TUSC national committee member Nick Wrack, who is also a candidate, said, “London is a city of stark contrasts. There is a huge amount of poverty amidst the plenty. Corporate bosses and bankers still get their million pound pay and pension packages while one in six London workers is paid less than the Mayor’s £8.30 per hour living wage. Millions are suffering from the cuts to services and benefits yet last year the city paid out over £4 billion in bonuses. It’s extremely hard even for those on better wages to make ends meet. We believe that there is an opportunity for a party that will speak up for working-class London to make a real break-through and that would begin to change the nature of political debate in Britain today.”

TUSC believes it can get a candidate elected if it wins at least 150,000 votes across London.

– Ends –
For more information contact: Nick Wrack (m) 07812 063 409; (w) 020 7842 7562; nick.wrack@tooks.co.uk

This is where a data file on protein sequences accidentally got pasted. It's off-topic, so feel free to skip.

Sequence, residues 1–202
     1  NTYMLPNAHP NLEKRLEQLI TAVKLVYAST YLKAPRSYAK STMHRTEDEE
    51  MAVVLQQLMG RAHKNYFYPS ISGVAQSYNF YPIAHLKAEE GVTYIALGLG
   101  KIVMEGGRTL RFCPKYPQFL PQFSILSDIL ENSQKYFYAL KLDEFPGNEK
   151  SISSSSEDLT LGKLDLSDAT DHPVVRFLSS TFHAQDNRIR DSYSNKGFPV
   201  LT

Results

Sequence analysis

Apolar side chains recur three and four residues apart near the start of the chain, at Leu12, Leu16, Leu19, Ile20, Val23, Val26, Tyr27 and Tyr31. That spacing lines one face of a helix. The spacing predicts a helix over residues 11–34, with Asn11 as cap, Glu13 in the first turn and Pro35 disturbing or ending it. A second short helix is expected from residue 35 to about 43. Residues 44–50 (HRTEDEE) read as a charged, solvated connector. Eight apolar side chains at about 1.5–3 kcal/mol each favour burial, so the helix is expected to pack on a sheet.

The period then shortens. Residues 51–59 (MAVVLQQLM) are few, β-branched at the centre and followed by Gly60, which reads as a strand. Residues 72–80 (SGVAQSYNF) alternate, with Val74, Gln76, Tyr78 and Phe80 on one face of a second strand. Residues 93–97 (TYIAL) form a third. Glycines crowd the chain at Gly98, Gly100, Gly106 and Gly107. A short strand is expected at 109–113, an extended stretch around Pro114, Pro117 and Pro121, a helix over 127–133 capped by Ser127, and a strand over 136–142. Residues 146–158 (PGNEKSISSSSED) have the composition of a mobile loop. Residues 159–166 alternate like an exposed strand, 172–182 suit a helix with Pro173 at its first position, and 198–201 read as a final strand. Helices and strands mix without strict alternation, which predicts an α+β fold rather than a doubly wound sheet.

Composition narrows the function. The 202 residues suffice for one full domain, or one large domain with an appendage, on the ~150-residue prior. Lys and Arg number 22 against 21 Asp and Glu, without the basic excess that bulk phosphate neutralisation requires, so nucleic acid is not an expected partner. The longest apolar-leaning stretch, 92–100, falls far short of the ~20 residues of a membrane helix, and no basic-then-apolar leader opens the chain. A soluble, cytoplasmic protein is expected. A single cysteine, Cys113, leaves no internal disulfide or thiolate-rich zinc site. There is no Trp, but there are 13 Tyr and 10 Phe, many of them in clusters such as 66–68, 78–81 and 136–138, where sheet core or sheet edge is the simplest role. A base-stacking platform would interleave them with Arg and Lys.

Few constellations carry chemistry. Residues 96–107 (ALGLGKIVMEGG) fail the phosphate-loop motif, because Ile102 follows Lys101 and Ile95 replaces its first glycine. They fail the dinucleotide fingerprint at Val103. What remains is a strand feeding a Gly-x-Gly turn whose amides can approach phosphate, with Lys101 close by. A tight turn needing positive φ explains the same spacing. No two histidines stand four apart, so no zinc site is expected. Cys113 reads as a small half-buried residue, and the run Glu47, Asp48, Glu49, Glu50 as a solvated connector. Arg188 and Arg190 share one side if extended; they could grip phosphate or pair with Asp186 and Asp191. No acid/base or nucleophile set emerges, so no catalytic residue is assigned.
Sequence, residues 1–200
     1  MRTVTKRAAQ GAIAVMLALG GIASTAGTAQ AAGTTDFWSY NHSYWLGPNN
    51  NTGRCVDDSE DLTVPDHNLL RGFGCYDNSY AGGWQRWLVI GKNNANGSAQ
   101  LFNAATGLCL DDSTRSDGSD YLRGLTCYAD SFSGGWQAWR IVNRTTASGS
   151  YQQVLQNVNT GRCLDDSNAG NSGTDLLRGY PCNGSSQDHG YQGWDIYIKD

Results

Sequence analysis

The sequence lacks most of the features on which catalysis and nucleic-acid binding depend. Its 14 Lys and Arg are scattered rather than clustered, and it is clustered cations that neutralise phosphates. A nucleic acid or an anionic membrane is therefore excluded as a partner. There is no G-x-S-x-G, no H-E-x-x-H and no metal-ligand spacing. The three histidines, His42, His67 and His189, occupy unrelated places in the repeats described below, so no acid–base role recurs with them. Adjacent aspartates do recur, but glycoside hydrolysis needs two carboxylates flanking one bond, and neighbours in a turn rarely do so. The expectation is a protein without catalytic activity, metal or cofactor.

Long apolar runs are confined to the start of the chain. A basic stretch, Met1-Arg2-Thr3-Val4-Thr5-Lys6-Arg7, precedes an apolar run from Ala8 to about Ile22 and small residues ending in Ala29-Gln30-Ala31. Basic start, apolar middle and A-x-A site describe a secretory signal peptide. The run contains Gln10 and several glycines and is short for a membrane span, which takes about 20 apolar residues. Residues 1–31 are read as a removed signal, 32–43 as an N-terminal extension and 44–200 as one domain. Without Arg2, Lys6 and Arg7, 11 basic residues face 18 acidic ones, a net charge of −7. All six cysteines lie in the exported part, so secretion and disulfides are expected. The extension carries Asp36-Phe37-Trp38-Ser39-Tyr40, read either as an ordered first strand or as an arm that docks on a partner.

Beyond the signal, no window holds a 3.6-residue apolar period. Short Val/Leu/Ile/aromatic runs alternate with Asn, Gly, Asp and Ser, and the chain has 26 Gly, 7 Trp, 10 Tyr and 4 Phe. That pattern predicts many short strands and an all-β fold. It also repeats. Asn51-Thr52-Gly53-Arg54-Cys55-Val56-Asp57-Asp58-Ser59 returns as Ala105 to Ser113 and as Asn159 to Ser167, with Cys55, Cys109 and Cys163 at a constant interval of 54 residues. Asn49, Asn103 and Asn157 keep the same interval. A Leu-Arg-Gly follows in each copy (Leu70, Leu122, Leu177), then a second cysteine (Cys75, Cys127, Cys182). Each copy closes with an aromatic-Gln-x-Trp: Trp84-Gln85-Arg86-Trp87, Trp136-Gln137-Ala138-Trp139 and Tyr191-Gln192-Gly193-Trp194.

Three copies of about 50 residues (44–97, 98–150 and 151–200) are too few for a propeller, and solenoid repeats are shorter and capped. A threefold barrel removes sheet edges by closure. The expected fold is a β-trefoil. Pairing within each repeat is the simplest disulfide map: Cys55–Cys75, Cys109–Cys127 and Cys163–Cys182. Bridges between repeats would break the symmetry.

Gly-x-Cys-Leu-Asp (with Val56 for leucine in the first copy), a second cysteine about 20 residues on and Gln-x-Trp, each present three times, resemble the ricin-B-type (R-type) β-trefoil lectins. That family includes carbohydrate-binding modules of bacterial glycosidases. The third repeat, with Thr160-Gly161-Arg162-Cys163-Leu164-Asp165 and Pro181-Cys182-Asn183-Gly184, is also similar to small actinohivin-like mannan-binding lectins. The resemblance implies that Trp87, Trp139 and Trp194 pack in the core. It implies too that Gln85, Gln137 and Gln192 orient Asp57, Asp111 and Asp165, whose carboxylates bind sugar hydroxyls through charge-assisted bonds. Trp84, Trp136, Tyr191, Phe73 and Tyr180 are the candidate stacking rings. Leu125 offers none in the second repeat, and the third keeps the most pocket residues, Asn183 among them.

Will McMahon (m) 07968 950 223; wsmcmahon@yahoo.co.uk
 

Candidates selected for the TUSC GLA list so far include (in alphabetical order):

April Ashley, UNISON National Executive Committee
Alex Gordon, RMT President
Steve Hedley, RMT London regional organiser
Ian Leahair, FBU National Executive Committee
Martin Powell-Davies, NUT national executive
Joe Simpson, POA assistant secretary
Jenny Sutton, UCU Chair, London Regional Committee (FE)
Nick Wrack, TUSC national committee member (former chair of Socialist Alliance and Respect)
There will also be candidates from the CWU postal union and the PCS public service workers union.

(All standing in a personal capacity)

The final list is not yet decided. Other candidates are still being considered.

The FBU has 5,500 members in London.